The ideal site to safely witness the ongoing Kilauea eruption may not even be close to the source in Hawaii island’s vast Puna district, Gov. David Ige said Monday.
“You can see the lava flow from Hilo,” Ige told reporters. “So it’s anything on that side of the island. … Obviously, it would not be down in Puna, specifically.”
The Puna district is nearly as big as Oahu in terms of square miles.
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Ige and tourism officials hope that a so-called “viewing platform” can be quickly built to offer a safe way to see the river of lava flowing 8 miles to the sea at a time when the island’s biggest attraction, Hawai‘i Volcanoes National Park, remains closed and covered in ash and damaged by earthquakes.
“We are looking at alternatives for activities for visitors in general,” Ige said.
Hawai‘i Volcanoes National Park, Ige said, “obviously lost significant revenue potential on their side.”
Working with federal and county officials, Ige said the state “could create a space that would allow us to promote the viewing in a safe location. … It would have to be a platform that would provide a view of the eruption activities” while also offering parking space for vehicles, including buses.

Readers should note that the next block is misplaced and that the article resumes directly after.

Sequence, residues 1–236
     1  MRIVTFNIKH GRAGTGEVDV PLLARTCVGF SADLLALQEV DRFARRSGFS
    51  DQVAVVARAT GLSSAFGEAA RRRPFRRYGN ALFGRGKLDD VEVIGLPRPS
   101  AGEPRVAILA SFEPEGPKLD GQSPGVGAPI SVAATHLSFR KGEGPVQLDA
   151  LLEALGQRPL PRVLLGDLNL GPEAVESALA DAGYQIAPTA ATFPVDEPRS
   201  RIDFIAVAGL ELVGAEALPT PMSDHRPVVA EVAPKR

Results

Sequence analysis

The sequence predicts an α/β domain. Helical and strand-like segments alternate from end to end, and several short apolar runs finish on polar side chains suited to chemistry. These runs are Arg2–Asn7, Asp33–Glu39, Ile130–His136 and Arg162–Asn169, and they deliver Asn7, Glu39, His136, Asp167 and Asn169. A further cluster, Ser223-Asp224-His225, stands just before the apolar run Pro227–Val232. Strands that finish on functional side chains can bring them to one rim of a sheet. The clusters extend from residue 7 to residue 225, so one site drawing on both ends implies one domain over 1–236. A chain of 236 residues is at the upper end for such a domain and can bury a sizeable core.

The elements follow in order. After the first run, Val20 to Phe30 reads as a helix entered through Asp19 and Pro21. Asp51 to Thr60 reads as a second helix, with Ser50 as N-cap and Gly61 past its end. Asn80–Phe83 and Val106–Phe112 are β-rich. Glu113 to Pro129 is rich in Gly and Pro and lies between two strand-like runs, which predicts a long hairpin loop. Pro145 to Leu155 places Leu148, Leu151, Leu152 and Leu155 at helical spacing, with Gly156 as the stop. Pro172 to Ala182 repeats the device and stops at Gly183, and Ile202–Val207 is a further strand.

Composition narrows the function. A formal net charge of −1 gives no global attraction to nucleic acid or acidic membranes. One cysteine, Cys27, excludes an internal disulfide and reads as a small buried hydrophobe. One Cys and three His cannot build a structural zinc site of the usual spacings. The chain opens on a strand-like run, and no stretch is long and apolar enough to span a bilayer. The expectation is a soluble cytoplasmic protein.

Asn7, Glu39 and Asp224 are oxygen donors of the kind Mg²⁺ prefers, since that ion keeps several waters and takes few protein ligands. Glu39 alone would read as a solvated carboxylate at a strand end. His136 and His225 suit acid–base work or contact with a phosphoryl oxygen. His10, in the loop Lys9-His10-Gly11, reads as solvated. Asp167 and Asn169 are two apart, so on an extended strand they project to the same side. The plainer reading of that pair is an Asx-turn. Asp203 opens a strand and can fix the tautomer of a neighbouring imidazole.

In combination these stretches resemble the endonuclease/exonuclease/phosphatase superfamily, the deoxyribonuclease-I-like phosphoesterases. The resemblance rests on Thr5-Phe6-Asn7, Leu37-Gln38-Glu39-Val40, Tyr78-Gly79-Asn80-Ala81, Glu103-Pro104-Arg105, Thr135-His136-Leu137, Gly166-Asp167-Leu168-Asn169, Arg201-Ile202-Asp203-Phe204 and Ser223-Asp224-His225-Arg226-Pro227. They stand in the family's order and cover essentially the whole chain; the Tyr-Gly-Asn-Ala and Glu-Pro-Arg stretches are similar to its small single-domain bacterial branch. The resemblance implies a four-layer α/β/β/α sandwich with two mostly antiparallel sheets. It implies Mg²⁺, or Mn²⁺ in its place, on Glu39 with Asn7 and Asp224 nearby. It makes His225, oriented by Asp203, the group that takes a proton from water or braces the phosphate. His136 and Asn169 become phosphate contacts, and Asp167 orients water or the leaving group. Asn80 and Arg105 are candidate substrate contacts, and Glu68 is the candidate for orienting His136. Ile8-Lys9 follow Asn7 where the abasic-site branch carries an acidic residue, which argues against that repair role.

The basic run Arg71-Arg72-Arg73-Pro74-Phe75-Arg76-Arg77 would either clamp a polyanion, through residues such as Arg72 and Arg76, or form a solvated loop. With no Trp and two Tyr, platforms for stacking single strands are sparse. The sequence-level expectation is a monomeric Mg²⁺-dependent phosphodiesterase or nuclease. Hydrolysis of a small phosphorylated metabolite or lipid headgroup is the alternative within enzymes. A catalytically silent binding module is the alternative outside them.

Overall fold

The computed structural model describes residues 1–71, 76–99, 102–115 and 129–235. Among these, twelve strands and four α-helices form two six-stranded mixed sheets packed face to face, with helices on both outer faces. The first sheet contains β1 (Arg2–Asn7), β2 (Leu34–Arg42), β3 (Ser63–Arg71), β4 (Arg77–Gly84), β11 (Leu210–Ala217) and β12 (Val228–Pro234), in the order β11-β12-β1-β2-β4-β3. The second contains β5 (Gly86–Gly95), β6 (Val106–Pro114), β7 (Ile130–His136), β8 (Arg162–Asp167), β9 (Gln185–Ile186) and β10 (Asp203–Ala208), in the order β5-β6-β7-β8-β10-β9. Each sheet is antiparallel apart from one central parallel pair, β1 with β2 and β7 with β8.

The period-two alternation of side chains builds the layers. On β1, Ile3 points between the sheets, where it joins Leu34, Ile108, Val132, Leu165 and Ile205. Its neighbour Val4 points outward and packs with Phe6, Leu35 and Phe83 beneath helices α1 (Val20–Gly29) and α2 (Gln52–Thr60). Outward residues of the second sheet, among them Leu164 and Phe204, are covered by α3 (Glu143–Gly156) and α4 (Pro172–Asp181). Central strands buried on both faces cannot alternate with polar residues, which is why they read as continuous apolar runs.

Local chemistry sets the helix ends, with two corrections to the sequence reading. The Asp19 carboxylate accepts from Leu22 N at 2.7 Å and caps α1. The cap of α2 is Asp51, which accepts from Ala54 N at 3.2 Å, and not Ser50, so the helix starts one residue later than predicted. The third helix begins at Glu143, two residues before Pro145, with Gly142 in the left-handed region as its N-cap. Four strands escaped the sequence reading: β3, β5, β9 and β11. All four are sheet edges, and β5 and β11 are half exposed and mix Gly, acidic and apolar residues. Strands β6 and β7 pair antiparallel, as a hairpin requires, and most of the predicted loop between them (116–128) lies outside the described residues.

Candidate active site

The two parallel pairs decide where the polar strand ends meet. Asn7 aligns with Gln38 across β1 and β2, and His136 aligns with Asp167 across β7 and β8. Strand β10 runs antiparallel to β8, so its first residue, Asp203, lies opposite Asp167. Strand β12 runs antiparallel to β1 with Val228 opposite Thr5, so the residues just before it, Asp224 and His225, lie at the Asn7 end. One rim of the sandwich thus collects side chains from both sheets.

Ige previously told the Honolulu Star-Advertiser that he hoped a viewing platform also would deter people who want to see the eruption from getting arrested and cited while trying to sneak into areas that are off-limits.
And he told the Star-Advertiser that U.S. Geological Survey staff and experts from their Hawaiian Volcano Observatory might be able to share their expertise at the viewing platform.
The platform idea remained popular with people who went to the parking lot of Sacred Heart Church in Pahoa to see the nighttime glow of Kilauea’s fissure 8, the main source of the lava flow.
“They should have it and regulate it, as long as it doesn’t cause a commotion or interruption,” said Brandon Robles of Honokaa.
Robles brought his wife and two kids, ages 7 and 12, to see the glow.
Christine Gee and James Holton of El Cerrito, Calif., took a day trip from Oahu to Hawaii island on Friday, then boarded a lava tour boat to see lava entering the ocean during the day.
“We had planned to come to Hawaii before the eruption,” Gee said. “We were staying in Honolulu. But we thought, with the lava going, it might be chance to see lava.”
They called the boat trip a once- in-a-lifetime experience.
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Staff writer Sarah Domai contributed to this report.